Mayflower by Nathaniel Philbrick

I have been meaning to read this book for about a year now! I started reading it last year, but never finished it, then I picked it up again recently and started it from the beginning. My intent was to have it finished and reviewed by Thanksgiving, but, obviously, that didn’t happen. My reading tends to slow down at this time of the year, but I’m glad I finally found the time to finish this book.


Summary from Goodreads:


 This simple question launches acclaimed author Nathaniel Philbrick on an extraordinary journey to understand the truth behind our most sacred national myth: the voyage of the Mayflower and the settlement of Plymouth Colony. As Philbrick reveals in this electrifying new book, the story of the Pilgrims does not end with the First Thanksgiving; instead, it is a fifty-five-year epic that is at once tragic and heroic, and still carries meaning for us today. 

Is this a good book to read before Thanksgiving? I’m not so sure as it was pretty depressing. Then again, maybe it is so that we can sort through all of the mythology of what we believe about Thanksgiving and learn the facts. The book deals with much more than just Thanksgiving though, it covers a good 55 years of history and much of it was new to me.  As I finished this book I realized that there was so much history I was completely unaware of and that the Pilgrims behaved in ways that I felt compromised their spiritual beliefs.

The first half of the book focused on the Pilgrims and their voyage to the new world, establishing relationships with the Indians and surviving long enough to start a community in New England. This section has a lot of  history that was interesting to read.  The second half of the book focused primarily on King Phillip’s War, which, to me, was not as interesting but illustrated how far the second generation of Pilgrims and Indians had come from the cooperative spirit their parents had.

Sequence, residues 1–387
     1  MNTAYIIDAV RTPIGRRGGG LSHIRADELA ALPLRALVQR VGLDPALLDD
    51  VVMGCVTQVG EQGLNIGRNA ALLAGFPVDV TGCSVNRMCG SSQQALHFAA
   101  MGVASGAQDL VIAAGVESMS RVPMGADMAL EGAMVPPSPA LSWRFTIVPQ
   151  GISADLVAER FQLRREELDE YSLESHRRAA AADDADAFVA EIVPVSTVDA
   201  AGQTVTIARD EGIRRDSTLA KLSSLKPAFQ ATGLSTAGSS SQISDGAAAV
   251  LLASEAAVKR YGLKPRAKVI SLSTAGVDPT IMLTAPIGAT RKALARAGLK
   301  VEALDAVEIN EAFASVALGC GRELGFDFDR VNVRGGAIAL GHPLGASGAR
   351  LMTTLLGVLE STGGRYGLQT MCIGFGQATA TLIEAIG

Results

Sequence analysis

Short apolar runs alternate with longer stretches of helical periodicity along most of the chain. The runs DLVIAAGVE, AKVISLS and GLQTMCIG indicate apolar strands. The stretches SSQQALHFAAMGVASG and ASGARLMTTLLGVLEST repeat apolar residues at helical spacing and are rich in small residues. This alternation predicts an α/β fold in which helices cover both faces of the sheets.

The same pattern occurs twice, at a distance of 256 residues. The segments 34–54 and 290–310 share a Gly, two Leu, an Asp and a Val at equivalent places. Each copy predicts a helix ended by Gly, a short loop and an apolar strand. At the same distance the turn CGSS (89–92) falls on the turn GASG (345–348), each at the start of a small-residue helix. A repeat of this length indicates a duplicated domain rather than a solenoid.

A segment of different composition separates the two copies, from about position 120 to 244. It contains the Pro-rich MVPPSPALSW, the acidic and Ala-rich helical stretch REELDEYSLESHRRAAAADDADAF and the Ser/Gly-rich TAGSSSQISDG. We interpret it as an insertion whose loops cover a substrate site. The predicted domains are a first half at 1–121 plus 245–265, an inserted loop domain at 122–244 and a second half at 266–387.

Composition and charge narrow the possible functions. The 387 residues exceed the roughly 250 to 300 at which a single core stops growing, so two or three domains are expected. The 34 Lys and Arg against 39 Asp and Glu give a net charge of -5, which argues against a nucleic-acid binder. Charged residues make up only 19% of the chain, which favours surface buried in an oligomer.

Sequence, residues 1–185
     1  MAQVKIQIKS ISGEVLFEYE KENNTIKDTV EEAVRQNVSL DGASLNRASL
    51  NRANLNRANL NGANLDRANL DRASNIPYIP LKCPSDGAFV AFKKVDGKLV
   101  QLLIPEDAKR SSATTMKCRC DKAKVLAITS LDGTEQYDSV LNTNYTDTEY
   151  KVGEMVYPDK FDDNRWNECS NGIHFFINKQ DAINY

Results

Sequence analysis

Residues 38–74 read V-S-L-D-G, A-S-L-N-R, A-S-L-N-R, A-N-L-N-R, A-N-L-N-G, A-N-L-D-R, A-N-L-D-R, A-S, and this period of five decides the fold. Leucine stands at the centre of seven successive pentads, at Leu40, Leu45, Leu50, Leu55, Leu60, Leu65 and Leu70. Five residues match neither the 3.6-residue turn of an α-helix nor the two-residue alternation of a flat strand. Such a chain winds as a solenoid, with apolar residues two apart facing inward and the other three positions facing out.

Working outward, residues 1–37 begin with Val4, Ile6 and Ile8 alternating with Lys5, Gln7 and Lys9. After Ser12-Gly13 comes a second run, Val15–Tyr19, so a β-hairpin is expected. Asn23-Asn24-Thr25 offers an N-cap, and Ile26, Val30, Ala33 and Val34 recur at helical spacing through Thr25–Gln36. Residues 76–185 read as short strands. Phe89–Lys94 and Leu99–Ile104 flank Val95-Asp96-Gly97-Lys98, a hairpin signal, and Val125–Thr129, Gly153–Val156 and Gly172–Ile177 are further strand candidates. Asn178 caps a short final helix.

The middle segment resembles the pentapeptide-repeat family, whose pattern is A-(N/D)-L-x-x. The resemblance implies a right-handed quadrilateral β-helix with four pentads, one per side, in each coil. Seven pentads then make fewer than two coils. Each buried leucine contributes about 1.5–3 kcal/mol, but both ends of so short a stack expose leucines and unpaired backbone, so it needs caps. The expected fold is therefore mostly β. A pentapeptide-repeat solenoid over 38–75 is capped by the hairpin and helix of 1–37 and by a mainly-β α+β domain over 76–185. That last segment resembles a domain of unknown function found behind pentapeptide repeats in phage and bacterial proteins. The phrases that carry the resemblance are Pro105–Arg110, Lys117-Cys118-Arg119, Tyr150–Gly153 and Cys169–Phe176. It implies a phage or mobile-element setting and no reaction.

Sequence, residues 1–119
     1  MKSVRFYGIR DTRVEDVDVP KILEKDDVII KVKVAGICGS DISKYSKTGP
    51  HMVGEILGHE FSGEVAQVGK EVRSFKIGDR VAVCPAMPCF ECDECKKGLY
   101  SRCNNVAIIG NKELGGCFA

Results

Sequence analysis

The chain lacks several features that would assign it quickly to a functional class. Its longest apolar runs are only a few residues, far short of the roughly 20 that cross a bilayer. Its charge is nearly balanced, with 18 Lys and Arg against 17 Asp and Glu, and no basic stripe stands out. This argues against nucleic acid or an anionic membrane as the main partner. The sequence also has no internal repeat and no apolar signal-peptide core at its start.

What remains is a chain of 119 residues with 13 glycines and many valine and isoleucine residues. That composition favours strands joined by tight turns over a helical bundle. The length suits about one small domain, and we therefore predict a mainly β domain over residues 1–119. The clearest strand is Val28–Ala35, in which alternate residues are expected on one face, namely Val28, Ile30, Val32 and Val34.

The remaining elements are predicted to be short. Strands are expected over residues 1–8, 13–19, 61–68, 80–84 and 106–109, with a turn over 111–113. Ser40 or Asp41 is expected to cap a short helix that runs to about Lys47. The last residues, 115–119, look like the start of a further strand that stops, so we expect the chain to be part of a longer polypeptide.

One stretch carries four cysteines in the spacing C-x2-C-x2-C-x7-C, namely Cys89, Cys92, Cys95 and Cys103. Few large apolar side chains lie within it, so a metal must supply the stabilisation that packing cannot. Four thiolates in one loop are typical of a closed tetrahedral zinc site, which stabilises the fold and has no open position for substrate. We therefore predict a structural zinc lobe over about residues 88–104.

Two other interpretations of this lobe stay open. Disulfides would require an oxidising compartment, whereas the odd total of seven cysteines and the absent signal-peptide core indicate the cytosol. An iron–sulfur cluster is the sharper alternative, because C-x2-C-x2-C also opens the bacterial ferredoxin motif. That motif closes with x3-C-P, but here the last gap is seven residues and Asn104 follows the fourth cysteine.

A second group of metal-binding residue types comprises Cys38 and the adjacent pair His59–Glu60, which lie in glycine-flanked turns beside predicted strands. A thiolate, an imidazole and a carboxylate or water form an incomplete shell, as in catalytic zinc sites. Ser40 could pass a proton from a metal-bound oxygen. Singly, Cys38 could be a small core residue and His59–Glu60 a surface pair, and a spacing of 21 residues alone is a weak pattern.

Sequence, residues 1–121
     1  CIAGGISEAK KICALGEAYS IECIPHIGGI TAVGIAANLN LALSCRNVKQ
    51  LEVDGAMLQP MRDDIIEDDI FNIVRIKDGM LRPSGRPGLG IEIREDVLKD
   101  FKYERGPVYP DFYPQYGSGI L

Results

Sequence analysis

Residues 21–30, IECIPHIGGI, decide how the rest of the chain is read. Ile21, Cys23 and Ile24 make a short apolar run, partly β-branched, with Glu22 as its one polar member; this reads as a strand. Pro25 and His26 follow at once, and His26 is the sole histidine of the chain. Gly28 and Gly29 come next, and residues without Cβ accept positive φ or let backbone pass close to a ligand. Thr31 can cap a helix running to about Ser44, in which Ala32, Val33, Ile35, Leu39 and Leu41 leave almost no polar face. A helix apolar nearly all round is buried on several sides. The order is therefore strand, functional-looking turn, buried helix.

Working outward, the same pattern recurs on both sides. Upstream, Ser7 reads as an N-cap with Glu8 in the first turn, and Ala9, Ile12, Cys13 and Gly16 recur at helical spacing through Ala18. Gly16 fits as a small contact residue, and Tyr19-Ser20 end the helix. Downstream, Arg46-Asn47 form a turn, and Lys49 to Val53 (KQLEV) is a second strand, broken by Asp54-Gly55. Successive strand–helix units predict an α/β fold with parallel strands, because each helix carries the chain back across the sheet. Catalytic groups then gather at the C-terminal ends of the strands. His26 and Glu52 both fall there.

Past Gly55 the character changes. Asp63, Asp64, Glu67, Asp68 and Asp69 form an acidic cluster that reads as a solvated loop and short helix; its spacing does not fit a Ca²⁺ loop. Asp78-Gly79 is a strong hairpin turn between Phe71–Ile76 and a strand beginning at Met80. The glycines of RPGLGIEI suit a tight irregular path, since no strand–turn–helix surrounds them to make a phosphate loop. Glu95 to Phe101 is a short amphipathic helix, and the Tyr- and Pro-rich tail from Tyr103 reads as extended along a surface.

As the summary states, the author wants to understand “…our most sacred national myth: the voyage of the Mayflower and the settlement of Plymouth colony.” He does this by delving into the history behind the myth and it’s a much more complicated story than I had realized.  There were numerous historical facts that I only learned about from reading this book. Somehow it never came up in any American Literature or American History class I took when studying the Pilgrims that their voyage to the New World was an investment and they were expected to generate profits once they landed to pay their debt. I also never knew that only half of the 102 passengers aboard the Mayflower were Pilgrims, the other half were “Strangers” or non-separatists.  So, this was not simply a group of religious non-conformists who made a long and dangerous journey to the New World in order to worship God as they chose. Knowing this also made the Mayflower Compact more significant. After all, it was a civil document and all who signed it agreed to abide by the rules and authority of the elected officials.

Prior to reading this book, I knew that the Indians had helped the Pilgrims to survive that first year- I just didn’t know a lot of the details or even how they established their colony.  After reading this book, I can safely say that there may not have been a Plymouth colony if it were not for Massasoit’s friendship. The English didn’t know how to fish, they were lacking in food and near starvation and many had died. The Indians provided the English with interpreters who helped them to trade and Squanto taught the English about Indian agriculture. Relationships and alliances were vital to their survival, however, they were often complicated and Philbrick explores the complexity of these relationships throughout the book.